The continuing fight against the fairy tale hit squad.
Fee-fi-fo-fum: we all know the rhyme of the giant that wants to grind the bones of an Englishman to make his bread, made famous by the nursery rhyme of Jack and the Beanstalk; The Jolly Green Giant on the other hand, is a distant cousin, that wants nothing more than to kill you with his laughter. Eight to nine feet tall in his stocking feet and dressed all in green, makes him a sight to behold. And his laugh - a very deep baritone sound that deafens and grinds one’s mind to mush and given enough time even bones.
The days we spent taking out the Brute Squad are mostly a blur to me now. It was a time of unrelenting pursuit with no moment to rest or catch a breath. As I look back upon that time of travail that I have tried to forget, what I remember most is the Stranger. His calmness and cool nature in a crisis. More so this time than many others, the reason is that with the demise of this group we were getting ever closer to the Dreamer, this was close to the final card he had to play. There wasn’t a lot more to throw at us. Although getting pass the next two members of the squad was not exactly a picnic.
We confronted the Jolly Green Giant at an abandon construction sight. The Stranger realised we needed strength to fight strength. Bricks, mortar, lumber; it was all used as weapons against the leviathan. “Draw him toward me,” the Stranger shouted, “we’ll show the big lug whose boss.” I did as I was told, it was close, but I managed to lead the giant beneath scaffolding with a ton of bricks above that the Stranger collapsed upon him. It was enough to kill any creature - human or otherwise. But the Jolly Green Giant just shrugged it off, picked himself up, dusted himself off and then continued after us.
He turned the tables against us. Picking up lumber and bricks and hurling them at us - including a god damn cement mixer. And the laughter - it wouldn’t stop - it just kept on and on like some bad joke that wouldn’t go away. The situation became desperate. We tried to trap him in wet cement. The only problem was that I stumbled and fell in myself. It was like quicksand. It slowed me down. I tried to move but it was so hard and my whole body was sluggish. The Giant loomed tall above me, hands on hips, legs apart, laughing, laughing, laughing. I felt my head begin to explode. The stabbing pain was unbearable. He had me dead to rights. And that was the other thing, he never talked, never uttered a word other than laughter. They say laughter is the best medicine for what ails you; in this case it couldn’t be further from the truth.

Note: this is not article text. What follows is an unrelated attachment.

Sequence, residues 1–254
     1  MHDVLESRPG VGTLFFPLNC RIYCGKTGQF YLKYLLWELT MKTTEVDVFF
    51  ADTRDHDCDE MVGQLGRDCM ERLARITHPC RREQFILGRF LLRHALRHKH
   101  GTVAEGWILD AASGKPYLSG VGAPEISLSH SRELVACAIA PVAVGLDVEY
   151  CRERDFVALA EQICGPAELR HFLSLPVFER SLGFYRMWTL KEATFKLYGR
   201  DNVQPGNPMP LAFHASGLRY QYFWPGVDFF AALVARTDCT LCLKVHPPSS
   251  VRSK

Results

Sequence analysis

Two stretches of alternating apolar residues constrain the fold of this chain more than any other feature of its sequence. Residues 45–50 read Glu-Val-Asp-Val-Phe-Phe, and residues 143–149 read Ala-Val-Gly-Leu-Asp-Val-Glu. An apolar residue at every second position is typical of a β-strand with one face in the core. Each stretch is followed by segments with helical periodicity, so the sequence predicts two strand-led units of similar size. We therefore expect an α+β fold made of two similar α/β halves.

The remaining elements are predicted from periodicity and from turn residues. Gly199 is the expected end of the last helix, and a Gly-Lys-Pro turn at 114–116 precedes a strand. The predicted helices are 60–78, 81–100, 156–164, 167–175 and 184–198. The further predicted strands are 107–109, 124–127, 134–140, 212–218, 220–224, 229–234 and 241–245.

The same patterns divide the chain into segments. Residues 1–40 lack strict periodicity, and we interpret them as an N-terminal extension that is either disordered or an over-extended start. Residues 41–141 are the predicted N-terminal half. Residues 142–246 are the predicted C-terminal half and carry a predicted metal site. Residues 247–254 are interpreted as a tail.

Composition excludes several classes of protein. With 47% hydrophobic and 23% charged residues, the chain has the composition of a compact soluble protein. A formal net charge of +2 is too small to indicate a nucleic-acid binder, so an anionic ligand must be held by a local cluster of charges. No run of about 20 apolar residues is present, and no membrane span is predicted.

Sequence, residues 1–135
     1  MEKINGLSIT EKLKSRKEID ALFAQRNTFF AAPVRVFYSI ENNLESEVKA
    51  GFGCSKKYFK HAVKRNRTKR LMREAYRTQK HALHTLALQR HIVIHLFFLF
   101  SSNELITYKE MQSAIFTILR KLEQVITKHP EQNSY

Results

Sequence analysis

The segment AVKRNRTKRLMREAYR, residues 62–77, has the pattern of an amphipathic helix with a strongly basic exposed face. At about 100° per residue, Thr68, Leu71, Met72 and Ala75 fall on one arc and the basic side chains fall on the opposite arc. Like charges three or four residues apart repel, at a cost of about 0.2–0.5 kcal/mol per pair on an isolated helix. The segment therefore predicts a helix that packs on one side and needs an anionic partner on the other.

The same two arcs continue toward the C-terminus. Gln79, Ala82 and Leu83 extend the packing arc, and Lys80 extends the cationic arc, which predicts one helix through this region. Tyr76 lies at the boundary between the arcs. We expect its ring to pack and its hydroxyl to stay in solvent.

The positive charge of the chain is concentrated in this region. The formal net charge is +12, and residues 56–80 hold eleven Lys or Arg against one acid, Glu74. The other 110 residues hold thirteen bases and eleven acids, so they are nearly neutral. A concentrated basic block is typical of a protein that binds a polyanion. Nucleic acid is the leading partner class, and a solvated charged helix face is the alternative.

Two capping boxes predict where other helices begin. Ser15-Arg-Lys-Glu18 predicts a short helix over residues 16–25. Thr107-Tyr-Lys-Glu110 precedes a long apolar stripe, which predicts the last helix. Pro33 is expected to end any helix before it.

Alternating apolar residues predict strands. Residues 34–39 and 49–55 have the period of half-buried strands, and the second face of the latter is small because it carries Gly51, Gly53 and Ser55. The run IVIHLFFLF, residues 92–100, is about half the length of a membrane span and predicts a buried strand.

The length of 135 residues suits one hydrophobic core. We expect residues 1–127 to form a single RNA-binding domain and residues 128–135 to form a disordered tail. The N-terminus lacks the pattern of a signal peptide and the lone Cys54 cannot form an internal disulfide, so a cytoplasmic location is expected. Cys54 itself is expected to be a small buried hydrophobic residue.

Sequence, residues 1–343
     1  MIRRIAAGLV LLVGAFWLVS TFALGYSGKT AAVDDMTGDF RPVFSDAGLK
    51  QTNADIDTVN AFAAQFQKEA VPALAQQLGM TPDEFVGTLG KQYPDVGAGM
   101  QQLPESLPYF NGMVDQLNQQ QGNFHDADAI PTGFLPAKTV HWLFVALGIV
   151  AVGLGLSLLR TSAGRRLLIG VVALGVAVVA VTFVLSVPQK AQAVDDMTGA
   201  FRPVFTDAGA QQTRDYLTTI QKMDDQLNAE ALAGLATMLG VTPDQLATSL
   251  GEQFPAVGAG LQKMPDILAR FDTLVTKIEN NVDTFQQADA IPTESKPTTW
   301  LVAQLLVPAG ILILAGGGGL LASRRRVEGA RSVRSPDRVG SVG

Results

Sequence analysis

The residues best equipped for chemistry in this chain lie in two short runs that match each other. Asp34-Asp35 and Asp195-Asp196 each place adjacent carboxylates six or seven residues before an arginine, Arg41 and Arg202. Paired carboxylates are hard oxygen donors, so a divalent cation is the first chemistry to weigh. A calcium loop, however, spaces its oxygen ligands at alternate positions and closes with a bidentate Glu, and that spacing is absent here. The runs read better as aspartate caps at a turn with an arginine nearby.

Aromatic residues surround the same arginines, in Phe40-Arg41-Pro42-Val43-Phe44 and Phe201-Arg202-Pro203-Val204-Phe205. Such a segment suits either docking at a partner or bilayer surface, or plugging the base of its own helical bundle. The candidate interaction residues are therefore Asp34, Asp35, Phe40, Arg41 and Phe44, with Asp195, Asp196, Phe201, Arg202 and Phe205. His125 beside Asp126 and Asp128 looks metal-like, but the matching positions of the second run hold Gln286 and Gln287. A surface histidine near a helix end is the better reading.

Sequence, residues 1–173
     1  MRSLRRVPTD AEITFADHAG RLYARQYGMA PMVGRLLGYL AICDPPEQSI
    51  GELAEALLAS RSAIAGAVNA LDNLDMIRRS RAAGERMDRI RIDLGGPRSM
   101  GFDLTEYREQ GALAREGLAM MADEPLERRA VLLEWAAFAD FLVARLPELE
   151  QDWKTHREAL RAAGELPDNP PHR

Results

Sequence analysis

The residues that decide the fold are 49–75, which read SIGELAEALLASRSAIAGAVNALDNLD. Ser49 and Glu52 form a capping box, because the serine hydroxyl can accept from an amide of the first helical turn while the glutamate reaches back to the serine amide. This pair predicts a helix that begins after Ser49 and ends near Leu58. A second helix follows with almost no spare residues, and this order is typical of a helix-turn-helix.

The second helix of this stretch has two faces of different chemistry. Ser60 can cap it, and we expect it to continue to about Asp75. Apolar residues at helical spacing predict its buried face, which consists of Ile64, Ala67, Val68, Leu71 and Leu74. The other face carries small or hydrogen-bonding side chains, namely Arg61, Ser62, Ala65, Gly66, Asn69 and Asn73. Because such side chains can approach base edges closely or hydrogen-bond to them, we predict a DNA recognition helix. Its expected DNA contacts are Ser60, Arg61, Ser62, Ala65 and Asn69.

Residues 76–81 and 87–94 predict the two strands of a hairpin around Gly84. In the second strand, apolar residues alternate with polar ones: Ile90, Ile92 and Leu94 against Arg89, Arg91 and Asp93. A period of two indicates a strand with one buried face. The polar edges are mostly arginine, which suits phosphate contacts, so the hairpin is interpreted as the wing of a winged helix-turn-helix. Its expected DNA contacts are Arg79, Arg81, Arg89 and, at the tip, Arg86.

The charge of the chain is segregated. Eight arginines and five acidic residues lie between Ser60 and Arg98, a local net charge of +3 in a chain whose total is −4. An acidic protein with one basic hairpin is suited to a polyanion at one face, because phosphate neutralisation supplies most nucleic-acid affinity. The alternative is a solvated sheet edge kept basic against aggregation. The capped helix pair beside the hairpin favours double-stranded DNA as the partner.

As my mind and body began to implode. As the world around me began to grow dark. As a trickle of blood came out of my nose and ears and as my eyes started to expand. The Stranger once more came to my rescue.
“Eat this dirty long legs!” he cried.
The Stranger had hopped a crane and swung a massive wrecking ball at the Jolly Green menace. CRACK - SNAP - POP - the solid metal ball went careening into him, wiping the smile and laughter right off of his face. The Giant was sent flying and before he could recover or try anything, the Stranger deftly raised the ball and brought it crashing down upon the Jolly Green Giant’s head. It wasn’t a pretty sight but it closed the curtain on this particular grim fairy tale.
“Three down - three to go,” the Stranger said to me a short time later as he helps me clean up. The cement that covered me was beginning to harden and thicken.